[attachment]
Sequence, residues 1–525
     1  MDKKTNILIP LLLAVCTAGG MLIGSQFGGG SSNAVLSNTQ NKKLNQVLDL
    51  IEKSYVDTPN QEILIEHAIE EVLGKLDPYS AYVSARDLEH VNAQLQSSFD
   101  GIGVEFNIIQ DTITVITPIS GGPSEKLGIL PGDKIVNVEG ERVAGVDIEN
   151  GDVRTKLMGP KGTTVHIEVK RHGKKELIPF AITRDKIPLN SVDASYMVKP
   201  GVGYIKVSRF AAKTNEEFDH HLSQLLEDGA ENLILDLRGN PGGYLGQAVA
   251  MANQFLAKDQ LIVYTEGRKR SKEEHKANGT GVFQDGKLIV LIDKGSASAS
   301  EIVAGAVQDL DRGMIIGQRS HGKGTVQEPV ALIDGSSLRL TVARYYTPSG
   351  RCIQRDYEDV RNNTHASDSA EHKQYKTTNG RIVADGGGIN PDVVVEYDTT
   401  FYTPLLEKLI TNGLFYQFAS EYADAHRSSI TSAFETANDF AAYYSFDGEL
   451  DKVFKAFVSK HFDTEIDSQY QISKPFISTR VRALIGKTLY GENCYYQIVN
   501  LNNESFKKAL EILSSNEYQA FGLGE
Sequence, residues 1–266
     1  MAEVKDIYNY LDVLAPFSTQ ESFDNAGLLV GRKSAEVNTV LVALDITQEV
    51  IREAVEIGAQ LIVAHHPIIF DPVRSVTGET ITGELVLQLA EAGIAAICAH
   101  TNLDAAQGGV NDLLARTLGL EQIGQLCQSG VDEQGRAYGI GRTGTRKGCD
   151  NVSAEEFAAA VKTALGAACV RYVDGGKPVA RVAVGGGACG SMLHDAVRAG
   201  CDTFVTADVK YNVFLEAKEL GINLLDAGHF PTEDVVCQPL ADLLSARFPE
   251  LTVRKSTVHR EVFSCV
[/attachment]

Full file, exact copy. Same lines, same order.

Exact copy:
Sequence, residues 1–525
     1  MDKKTNILIP LLLAVCTAGG MLIGSQFGGG SSNAVLSNTQ NKKLNQVLDL
    51  IEKSYVDTPN QEILIEHAIE EVLGKLDPYS AYVSARDLEH VNAQLQSSFD
   101  GIGVEFNIIQ DTITVITPIS GGPSEKLGIL PGDKIVNVEG ERVAGVDIEN
   151  GDVRTKLMGP KGTTVHIEVK RHGKKELIPF AITRDKIPLN SVDASYMVKP
   201  GVGYIKVSRF AAKTNEEFDH HLSQLLEDGA ENLILDLRGN PGGYLGQAVA
   251  MANQFLAKDQ LIVYTEGRKR SKEEHKANGT GVFQDGKLIV LIDKGSASAS
   301  EIVAGAVQDL DRGMIIGQRS HGKGTVQEPV ALIDGSSLRL TVARYYTPSG
   351  RCIQRDYEDV RNNTHASDSA EHKQYKTTNG RIVADGGGIN PDVVVEYDTT
   401  FYTPLLEKLI TNGLFYQFAS EYADAHRSSI TSAFETANDF AAYYSFDGEL
   451  DKVFKAFVSK HFDTEIDSQY QISKPFISTR VRALIGKTLY GENCYYQIVN
   501  LNNESFKKAL EILSSNEYQA FGLGE
Sequence, residues 1–266
     1  MAEVKDIYNY LDVLAPFSTQ ESFDNAGLLV GRKSAEVNTV LVALDITQEV
    51  IREAVEIGAQ LIVAHHPIIF DPVRSVTGET ITGELVLQLA EAGIAAICAH
   101  TNLDAAQGGV NDLLARTLGL EQIGQLCQSG VDEQGRAYGI GRTGTRKGCD
   151  NVSAEEFAAA VKTALGAACV RYVDGGKPVA RVAVGGGACG SMLHDAVRAG
   201  CDTFVTADVK YNVFLEAKEL GINLLDAGHF PTEDVVCQPL ADLLSARFPE
   251  LTVRKSTVHR EVFSCV